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Keywords:

  • breast cancer;
  • CD44;
  • membrane type 1-matrix metalloproteinase (MT1-MMP);
  • TGF-β;
  • tumor cell migration

Abstract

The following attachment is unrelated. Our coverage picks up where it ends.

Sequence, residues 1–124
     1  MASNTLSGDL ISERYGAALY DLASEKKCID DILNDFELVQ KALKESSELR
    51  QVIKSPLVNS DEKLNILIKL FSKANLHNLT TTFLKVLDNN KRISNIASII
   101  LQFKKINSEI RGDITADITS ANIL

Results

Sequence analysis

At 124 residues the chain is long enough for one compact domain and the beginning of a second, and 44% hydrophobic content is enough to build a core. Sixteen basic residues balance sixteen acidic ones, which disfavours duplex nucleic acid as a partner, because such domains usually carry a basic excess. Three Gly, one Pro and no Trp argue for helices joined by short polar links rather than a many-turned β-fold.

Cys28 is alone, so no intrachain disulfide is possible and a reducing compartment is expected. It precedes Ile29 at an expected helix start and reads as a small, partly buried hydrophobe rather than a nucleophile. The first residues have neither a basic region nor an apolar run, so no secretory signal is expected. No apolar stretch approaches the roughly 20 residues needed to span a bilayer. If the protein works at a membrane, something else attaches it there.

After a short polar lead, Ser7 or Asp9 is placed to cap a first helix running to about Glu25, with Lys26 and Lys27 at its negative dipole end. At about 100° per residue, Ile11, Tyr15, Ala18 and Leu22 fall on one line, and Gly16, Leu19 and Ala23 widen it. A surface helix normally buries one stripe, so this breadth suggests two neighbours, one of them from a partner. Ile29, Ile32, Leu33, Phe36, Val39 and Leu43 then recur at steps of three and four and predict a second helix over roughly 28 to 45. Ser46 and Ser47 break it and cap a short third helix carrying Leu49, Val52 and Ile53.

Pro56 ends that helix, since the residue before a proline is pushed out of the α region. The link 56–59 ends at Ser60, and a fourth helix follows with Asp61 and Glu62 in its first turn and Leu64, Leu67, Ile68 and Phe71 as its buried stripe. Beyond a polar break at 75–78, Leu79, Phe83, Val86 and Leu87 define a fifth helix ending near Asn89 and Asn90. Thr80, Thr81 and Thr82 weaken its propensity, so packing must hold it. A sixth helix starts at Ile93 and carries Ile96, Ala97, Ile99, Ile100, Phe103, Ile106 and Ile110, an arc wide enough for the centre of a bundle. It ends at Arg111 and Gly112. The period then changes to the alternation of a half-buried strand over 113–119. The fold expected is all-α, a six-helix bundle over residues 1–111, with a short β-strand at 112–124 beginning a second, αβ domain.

CD44, a transmembrane receptor for hyaluronic acid, is implicated in various adhesion-dependent cellular processes, including cell migration, tumor cell metastasis and invasion. Recent studies demonstrated that CD44 expressed in cancer cells can be proteolytically cleaved at the ectodomain by membrane type 1-matrix metalloproteinase (MT1-MMP) to form soluble CD44 and that CD44 cleavage plays a critical role in cancer cell migration. Here, we show that transforming growth factor-β (TGF-β), a multifunctional cytokine involved in cell proliferation, differentiation, migration and pathological processes, induces MT1-MMP expression in MDA-MB-435s cells. TGF-β-induced MT1-MMP expression was blocked by the specific extracellular regulated kinase-1/2 (ERK1/2) inhibitor PD98059 and the specific phosphoinositide 3-OH kinase (PI3K) inhibitor LY294002. In addition, treatment with SP600125, an inhibitor for c-Jun NH2-terminal kinase (JNK), resulted in a significant inhibition of MT1-MMP production. These data suggest that ERK1/2, PI3K, and JNK likely play a role in TGF-β-induced MT1-MMP expression. Interestingly, treatment of MDA-MB-435s cells with TGF-β resulted in a colocalization of MT1-MMP and CD44 in the cell membrane and in an increased level of soluble CD44. Using an electric cell-substrate impedance sensing cell-electrode system, we demonstrated that TGF-β treatment promotes MDA-MB-435s cell migration, involving MT1-MMP-mediated CD44 cleavage. MT1-MMP siRNA transfection-inhibited TGF-β-induced cancer cell transendothelial migration. Thus, this study contributes to our understanding of molecular mechanisms that play a critical role in tumor cell invasion and metastasis. © 2009 Wiley-Liss, Inc.